At 5:30 a.m., out beyond the street lamp and its bluish haze and between the wires that hung from the lamp pole, the morning star was literally blazing this morning. Like some immodest prop in a high school play, the star seemed somehow too fat, too bright, too loud, too much. And yet there it was, clear as a bell.
Nearby, but lower in the sky, a smattering of clouds picked up the pink and white of nearby city illumination. I imagine if I had stood in the cold of the porch, the clouds might have blocked out or blurred the star, but for a few moments of looking, they were still and the star was unapologetic. "Lookit me!" it offered without caring if anyone looked or not. It was like walking on some sidewalk to meet a friend for coffee and seeing that friend from a distance ... the two of you looking and recognizing and filling up with friendship and ... smiling.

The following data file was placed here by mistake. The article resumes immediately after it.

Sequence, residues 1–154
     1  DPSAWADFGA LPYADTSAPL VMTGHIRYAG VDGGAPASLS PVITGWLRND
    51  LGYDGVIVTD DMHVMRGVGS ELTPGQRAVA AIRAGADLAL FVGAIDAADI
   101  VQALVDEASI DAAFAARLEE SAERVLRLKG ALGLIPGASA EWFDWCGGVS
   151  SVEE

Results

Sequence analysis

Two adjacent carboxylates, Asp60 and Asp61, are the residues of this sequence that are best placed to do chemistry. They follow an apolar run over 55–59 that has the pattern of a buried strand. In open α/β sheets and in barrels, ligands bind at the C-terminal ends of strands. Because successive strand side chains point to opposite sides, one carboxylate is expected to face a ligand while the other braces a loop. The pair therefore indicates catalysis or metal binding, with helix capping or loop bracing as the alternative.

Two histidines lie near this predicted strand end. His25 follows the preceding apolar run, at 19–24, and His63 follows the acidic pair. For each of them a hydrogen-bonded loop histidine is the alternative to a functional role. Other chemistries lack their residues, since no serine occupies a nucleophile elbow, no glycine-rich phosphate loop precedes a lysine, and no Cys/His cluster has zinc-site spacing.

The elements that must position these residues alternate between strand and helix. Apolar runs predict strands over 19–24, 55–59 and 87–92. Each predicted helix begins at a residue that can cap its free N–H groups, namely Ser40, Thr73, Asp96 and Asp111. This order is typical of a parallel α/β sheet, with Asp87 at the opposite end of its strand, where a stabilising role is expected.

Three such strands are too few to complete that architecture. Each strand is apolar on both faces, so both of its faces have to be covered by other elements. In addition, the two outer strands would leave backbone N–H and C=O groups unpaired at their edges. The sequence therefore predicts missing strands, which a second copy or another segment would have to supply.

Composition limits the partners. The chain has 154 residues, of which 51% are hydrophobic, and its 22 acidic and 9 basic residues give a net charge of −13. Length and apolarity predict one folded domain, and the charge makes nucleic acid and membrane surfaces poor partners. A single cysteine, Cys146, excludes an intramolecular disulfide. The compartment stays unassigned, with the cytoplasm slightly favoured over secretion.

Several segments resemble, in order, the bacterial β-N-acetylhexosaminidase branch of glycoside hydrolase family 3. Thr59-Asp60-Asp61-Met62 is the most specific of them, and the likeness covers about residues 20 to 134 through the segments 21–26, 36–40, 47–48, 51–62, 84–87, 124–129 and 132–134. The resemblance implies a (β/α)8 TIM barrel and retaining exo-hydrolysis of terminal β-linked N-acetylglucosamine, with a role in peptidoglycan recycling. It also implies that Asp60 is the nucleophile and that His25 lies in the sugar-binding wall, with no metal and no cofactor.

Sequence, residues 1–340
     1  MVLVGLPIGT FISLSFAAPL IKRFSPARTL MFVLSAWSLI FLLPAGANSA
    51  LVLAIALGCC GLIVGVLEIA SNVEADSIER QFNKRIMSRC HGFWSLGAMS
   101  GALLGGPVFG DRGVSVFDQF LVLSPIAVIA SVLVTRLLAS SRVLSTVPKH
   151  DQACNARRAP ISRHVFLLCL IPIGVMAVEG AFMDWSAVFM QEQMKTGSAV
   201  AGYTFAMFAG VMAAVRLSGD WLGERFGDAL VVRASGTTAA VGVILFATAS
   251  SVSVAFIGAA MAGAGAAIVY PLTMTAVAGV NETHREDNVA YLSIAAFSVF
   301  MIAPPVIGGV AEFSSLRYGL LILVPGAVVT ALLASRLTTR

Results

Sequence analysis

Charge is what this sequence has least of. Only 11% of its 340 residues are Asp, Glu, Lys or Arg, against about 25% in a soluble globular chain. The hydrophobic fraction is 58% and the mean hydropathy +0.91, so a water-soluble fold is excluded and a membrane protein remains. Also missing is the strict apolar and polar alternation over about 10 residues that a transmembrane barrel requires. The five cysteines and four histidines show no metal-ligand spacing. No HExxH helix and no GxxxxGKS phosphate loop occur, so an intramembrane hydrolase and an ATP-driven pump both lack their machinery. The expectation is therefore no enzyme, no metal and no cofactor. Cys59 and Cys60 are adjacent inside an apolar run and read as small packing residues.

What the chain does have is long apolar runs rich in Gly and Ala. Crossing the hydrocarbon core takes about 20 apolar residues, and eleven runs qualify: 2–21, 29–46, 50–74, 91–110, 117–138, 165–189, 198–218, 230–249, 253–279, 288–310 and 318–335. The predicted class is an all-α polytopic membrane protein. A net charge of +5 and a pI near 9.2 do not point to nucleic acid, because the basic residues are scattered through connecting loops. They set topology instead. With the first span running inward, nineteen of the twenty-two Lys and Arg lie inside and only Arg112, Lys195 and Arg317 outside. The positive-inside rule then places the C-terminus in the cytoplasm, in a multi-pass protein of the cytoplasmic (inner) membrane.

Some Buddhist schools celebrate the anniversary of Gautama's realization today. The school I grew up in does that. The tale has it that Gautama, after much effort that proved unavailing, sat down under a tree one night and vowed not to rise until he actualized the enlightenment he sought. And with the rising of the morning star, he did just that and neither star nor man had cause for regret.
Today is the last day of Rohatsu sesshin, an intense eight-day Zen retreat that comes once a year. Participants rise from their seats after so much effort and return home, having expressed their determination and yet strangely unable to say what, precisely, has just happened. It is worth a smile, perhaps.
In New York City, this morning, a small rally was scheduled outside of the Zen temple Sho Bo Ji. The rally was organized as a means of pointing out the sexual and financial depredations of Eido Tai Shimano, a man who has acted as a Zen teacher for 50 years. He wounded many and made no open apology. He too has been unrepentant and yet, if I had to guess, he failed to greet his true friends with a smile. All that effort beneath the tree and no smile to show for it. It's a profound pity that none of us needs to duplicate.
A bright, saucy and unrepentant star.
A good friend.
A warm smile.